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  • Writer's pictureJenny Ferris

Great ways to develop inner hearing

As Kodaly himself famously said, "we should read music in the same way that an educated adult will read a book: in silence, but imagining the sound". The way to achieve this endgame is to start developing inner hearing skills in our students right from the outset. As soon as their musical education begins, we want to encourage students to hear music not only coming from speakers or the mouths of their music teacher and peers, but inside their own mind as well.

Over the next few months I'll be posting a series of activities and ideas to develop inner hearing skills in your students, whatever their age or ability!

I have already listed a couple of great activities in my post about Sammy Snail (check it out here) but today I'd like to talk about a device that I use in my classroom a lot, which students really relate to - traffic lights!

Even though they aren't driving yet (hopefully!), your students should all be pretty familiar with the concept of green meaning go, red meaning stop etc. If not, there's a handy little song which will teach them these concepts (and it's also great for teaching do later on) which goes like this:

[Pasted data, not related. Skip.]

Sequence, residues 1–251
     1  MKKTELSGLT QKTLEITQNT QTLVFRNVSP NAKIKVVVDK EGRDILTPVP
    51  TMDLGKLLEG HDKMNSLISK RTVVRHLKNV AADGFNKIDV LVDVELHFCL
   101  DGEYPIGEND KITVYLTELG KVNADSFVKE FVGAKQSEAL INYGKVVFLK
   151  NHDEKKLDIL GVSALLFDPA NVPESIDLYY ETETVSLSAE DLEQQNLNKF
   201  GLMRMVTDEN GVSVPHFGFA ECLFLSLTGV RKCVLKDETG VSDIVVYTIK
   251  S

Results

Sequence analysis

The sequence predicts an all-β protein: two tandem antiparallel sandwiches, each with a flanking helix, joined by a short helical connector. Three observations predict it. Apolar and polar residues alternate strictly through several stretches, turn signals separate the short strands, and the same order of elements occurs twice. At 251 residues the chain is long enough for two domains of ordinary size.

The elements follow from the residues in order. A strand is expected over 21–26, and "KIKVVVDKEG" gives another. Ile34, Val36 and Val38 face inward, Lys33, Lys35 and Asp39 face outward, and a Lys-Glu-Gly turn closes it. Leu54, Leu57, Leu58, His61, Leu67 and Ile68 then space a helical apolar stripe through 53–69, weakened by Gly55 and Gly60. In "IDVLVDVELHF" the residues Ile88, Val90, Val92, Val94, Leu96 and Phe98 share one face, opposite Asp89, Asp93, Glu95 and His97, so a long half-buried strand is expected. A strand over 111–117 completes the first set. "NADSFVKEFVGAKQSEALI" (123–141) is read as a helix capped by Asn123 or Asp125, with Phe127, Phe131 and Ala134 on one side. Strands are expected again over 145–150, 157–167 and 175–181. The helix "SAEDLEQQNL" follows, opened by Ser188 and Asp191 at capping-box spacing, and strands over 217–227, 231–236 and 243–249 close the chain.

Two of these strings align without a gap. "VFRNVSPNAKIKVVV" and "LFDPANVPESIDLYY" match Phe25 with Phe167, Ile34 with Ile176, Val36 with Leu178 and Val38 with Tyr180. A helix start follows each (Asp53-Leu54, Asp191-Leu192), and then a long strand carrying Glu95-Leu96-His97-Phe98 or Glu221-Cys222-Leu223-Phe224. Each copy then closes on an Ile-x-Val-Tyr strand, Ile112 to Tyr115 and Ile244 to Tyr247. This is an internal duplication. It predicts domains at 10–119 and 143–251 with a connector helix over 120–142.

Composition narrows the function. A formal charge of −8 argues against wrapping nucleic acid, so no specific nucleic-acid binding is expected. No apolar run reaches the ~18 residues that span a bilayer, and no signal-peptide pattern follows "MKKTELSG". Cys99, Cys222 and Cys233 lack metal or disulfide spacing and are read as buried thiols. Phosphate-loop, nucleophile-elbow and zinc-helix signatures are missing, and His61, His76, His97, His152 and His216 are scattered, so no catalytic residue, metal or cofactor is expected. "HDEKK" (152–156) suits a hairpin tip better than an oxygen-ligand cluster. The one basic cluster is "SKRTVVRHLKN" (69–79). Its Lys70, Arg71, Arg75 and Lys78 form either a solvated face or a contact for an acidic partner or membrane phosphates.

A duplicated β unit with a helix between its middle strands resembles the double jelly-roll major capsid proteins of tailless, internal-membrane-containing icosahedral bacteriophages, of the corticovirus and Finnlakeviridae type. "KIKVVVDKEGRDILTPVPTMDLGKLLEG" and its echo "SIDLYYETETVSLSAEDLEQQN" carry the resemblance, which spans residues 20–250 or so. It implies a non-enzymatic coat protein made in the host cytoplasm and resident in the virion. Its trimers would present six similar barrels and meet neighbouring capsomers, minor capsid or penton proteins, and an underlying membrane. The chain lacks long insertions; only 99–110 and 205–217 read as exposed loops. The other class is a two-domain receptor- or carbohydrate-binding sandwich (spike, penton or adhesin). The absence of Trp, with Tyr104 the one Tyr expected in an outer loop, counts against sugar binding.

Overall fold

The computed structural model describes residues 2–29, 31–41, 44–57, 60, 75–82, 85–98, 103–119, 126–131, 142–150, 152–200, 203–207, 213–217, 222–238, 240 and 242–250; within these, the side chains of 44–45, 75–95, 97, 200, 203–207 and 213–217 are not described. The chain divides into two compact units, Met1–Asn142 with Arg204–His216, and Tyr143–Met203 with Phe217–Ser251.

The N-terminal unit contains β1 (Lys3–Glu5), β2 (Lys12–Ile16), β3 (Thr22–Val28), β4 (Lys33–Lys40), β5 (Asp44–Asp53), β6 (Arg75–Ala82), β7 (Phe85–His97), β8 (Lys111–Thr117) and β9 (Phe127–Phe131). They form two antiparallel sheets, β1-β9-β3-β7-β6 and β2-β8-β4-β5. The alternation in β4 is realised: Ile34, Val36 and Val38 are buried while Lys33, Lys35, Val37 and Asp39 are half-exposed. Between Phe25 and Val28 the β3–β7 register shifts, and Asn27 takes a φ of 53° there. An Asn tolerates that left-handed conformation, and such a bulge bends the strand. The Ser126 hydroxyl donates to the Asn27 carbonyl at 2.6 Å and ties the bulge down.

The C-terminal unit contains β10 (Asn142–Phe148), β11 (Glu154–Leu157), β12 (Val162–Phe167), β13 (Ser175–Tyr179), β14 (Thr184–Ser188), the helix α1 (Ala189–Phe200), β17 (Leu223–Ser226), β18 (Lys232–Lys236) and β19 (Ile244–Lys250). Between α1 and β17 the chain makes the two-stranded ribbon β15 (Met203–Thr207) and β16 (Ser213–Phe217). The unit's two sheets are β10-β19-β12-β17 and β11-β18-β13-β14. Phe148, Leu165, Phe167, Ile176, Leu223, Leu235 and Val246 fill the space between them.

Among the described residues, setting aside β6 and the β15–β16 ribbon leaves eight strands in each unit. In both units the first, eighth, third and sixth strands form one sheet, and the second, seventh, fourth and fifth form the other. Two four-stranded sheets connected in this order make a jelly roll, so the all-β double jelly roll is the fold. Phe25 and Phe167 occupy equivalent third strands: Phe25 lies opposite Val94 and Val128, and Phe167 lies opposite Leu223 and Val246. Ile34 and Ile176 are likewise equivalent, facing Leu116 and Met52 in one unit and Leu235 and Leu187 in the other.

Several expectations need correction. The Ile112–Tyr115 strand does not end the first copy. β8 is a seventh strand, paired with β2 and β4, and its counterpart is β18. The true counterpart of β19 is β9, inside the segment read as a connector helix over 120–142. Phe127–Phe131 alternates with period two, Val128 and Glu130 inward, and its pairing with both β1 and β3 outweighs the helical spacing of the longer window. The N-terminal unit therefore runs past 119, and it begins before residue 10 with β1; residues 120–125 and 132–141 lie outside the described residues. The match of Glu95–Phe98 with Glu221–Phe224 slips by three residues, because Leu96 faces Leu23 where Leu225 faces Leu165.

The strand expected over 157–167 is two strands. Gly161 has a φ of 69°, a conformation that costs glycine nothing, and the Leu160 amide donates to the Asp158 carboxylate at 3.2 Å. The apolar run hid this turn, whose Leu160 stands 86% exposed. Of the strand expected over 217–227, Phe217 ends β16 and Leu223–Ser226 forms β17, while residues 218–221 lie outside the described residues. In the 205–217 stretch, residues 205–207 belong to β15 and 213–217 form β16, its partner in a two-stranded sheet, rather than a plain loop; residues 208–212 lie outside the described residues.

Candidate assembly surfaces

Once the students are familiar with the song, you can do some great inner hearing activities with them. Start small by having them inner hear the words that each traffic light says, or the colours. Then try inner hearing a whole sentence. Then, using the traffic light puppet, have the students sing aloud when you are pointing to the green light and inner hear when you are pointing to the red light.

If students are struggling at all with the changes between one and the other, then use the yellow light as a warning that change is coming! (I have found this step made all the difference with a number of students with additional learning needs).

Once they are familiar with the traffic light concept, try it with other songs, longer songs, as an assessment task, make a game out of it by having a music traffic controller (like air traffic controllers. Less hectic, but no less important!) There are so many ways you can use this resource!

In case you haven't already done so, make sure you sign up to the mailing list and you will receive this song analysis, traffic light sewing pattern and activity, along with a number of other freebies! This pattern is exclusive to subscribers, so make sure you get on that list for more Kodaly Crafts goodies!

Happy singing, happy sewing!

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